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I'm a member of a small startup. When we decided to look at including a bit of AI in our product, I was asked to investigate, simply because I found it interesting and had taken a few AI/Machine Learning courses at uni (undergrad).

Today, I'm now the lead of the central AI component of our product. The only problem, I need (and want) more experience in the area.

If this was a usual position, I'd assume I'd join a large department, and spend time learning and growing under senior developers with lots of experience in the field. The old saying "Surround yourself with people better than you".

As it stands today, because of lack of experience, most of the decisions I'm making are trial and error, which is slowing us down. Without completely understanding the state of the industry, we'd often spend a fair amount of time implementing a solution, only to discover a month later that we were reinventing the wheel, or doing something that was known to be ineffective. And naturally, I'm not going to be providing the best environment of growth for the people in the company doing AI work under me.

Admittedly, I've definitely grown in skill a lot since I'd started in my position, however I would still hesitate to describe myself as anything more that having an "intermediate" skill level in the field.


To make this a valuable question to anyone:

What are practical steps my company or I could take to quickly bring us up to speed in a field where the company's experience is more or less self-taught?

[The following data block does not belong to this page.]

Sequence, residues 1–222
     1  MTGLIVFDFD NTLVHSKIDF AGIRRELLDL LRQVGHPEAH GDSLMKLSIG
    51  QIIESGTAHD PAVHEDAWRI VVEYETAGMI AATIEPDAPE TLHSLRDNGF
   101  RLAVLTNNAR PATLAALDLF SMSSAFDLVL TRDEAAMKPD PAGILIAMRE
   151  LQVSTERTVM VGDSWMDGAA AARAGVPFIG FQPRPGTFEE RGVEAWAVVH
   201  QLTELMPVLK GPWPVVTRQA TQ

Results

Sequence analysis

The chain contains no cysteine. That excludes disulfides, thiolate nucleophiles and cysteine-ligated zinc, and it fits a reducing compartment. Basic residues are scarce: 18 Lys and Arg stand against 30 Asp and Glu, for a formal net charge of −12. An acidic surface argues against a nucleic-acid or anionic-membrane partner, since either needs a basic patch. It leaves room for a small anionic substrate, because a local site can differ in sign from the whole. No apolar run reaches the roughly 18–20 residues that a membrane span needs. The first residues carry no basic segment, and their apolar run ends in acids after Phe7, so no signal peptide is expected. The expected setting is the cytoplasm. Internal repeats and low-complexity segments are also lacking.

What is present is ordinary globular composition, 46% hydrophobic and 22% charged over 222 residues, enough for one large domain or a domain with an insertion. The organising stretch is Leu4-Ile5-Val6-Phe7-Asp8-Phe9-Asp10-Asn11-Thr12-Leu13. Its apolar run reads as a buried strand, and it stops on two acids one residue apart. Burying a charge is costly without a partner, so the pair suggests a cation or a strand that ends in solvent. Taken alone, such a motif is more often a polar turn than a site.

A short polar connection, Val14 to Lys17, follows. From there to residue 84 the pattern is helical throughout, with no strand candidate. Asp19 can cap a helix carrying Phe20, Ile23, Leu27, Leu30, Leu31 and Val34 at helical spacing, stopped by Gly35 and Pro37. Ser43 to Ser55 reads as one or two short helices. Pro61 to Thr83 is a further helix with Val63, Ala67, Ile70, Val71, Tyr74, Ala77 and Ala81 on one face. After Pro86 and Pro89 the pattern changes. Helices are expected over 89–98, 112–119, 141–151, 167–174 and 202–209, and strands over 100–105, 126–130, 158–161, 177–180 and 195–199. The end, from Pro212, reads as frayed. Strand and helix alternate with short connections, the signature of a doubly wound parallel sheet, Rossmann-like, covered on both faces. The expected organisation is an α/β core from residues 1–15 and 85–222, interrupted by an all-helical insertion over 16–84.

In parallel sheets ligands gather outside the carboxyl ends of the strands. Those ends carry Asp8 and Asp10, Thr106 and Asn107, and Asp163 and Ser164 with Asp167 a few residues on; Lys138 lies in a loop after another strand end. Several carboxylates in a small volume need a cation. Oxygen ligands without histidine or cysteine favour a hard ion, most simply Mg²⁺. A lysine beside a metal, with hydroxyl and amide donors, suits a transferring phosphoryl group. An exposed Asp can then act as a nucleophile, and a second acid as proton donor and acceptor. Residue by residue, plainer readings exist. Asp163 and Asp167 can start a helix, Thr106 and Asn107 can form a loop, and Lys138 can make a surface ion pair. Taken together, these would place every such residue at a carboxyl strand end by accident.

In our case, we probably don't have the resources to bring in massive experience, but any advice about that would still be appreciated.

  • 3
    You are not going to quickly come up to speed. – paparazzo Oct 18 '16 at 12:25
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    Very good question. Learning on the job is all well and good but sometimes you feel as though something is missing. It's often difficult to find the time to learn best practices, tricks of the trade, etc. – camden_kid Oct 18 '16 at 12:46
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    In my opinion you'll naturally improve as you go through this process of trial and error. Unlike a hobbyist you can't just walk away from something ill considered. – Casey Oct 18 '16 at 19:55
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    You are working in the R&D world of SW development. It is quite different from the Web/CRUD development world. Very seldom is there an "experienced expert" available in the R&D world, That's what your company expects you to become. While trial and error is fine when you first start learning something, at some point you should be getting more knowledgeable and begin having actual reasons for the direction you are taking. It doesn't seem like you're growing to the next level. You should begin learning some of the more formal problem solving techniques to learn to make more reasoned decisions. – Dunk Oct 18 '16 at 22:20